One of the things my kids enjoy doing is building things and I like when they build things that use their imagination (and are easy on the pocket book.) In our local coop (and in our own homeschool) we have taught various classes that encourage STEM (Science, Technology, Engineering, and Mathematics) education.
One such class offered by our coop utilized the 4-H Junk Drawer Robotics Level 1: Give Robots a Hand curriculum which is available from the National 4-H Mall. The kids built various contraptions including marshmallow catapults. When they finished their catapults, the kids were able to show them off in a just for fun competition. It was very rewarding to see their creativity!
In our local coop, I also taught a separate class that featured building mousetrap cars. It is so fun to watch the kids research ideas for how to make the mouse trap cars and then add their own creative twist!
The mouse trap cars are made from ordinary mousetraps. The creativity kicks in when the kids decide
- what type of wheels to use, i.e. old cds/dvds, wooden wheels, plastic container lids, canning lids etc.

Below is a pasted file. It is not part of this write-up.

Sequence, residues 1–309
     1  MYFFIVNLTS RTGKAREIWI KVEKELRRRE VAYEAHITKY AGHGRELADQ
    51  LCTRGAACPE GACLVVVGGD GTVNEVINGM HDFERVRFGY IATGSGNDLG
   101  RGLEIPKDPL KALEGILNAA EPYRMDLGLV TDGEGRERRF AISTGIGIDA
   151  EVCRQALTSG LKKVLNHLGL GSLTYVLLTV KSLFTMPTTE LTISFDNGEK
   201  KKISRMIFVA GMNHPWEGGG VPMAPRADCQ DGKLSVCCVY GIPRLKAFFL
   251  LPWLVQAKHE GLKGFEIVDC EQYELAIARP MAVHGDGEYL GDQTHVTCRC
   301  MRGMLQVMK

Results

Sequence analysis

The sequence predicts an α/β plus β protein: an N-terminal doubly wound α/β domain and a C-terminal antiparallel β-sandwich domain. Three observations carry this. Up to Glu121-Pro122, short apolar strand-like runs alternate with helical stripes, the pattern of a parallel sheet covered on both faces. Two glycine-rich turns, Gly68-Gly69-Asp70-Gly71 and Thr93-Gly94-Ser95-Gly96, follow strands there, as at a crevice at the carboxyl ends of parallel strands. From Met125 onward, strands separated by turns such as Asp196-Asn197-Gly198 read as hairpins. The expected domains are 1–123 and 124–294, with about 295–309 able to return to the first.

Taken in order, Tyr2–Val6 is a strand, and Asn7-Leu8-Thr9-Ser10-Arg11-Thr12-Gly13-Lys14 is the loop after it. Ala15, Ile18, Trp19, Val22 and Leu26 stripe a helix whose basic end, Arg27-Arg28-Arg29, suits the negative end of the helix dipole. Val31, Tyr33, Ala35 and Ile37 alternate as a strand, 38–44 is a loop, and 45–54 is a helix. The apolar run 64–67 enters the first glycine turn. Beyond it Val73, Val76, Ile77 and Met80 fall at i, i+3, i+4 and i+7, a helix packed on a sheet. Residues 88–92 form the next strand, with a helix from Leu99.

- how the energy from the mouse trap in redirected to make the car move (for example, a string wrapped around the axle and attached to the mouse trap)
- how big the actual car is that the mousetrap is attached to
- whether or not to attach an arm to the mousetrap mechanism
- what to use for axles etc.
Basically the idea for the junk drawer robotics and the mousetrap cars is to utilize materials that are cheap and easily available. Some of the items that we try to keep on hand that encourage this type of building include (but are not limited to, you can use your imagination here) popsicle sticks, paper fasteners, straws, small nails or screws, paint sticks etc. Many of these items can be picked up at the local dollar store or big box store relatively inexpensively. The kids learn to think “outside the box” which will serve them well for a lifetime!
Because Rebekah wasn’t old enough to participate in the coop class; she recently requested that I teach her how to build a mouse trap car.
She built her car using a mousetrap, dowel rods, the tubes from dried up markers, old cd’s, the lids from pop bottles and a string. She held it together using duct tape and a hot glue gun. (I have the cutest video of her if I can figure out how to turn it 90 degrees so you can watch it. She was so pleased to see her car go!)
This is Brock’s catapult that he created this week from paint sticks, craft sticks, dowel rod, plastic cup, duct tape and rubber band. He used the hot glue gun to hold it all together.
How do you encourage STEM education? What do your children enjoy building or constructing?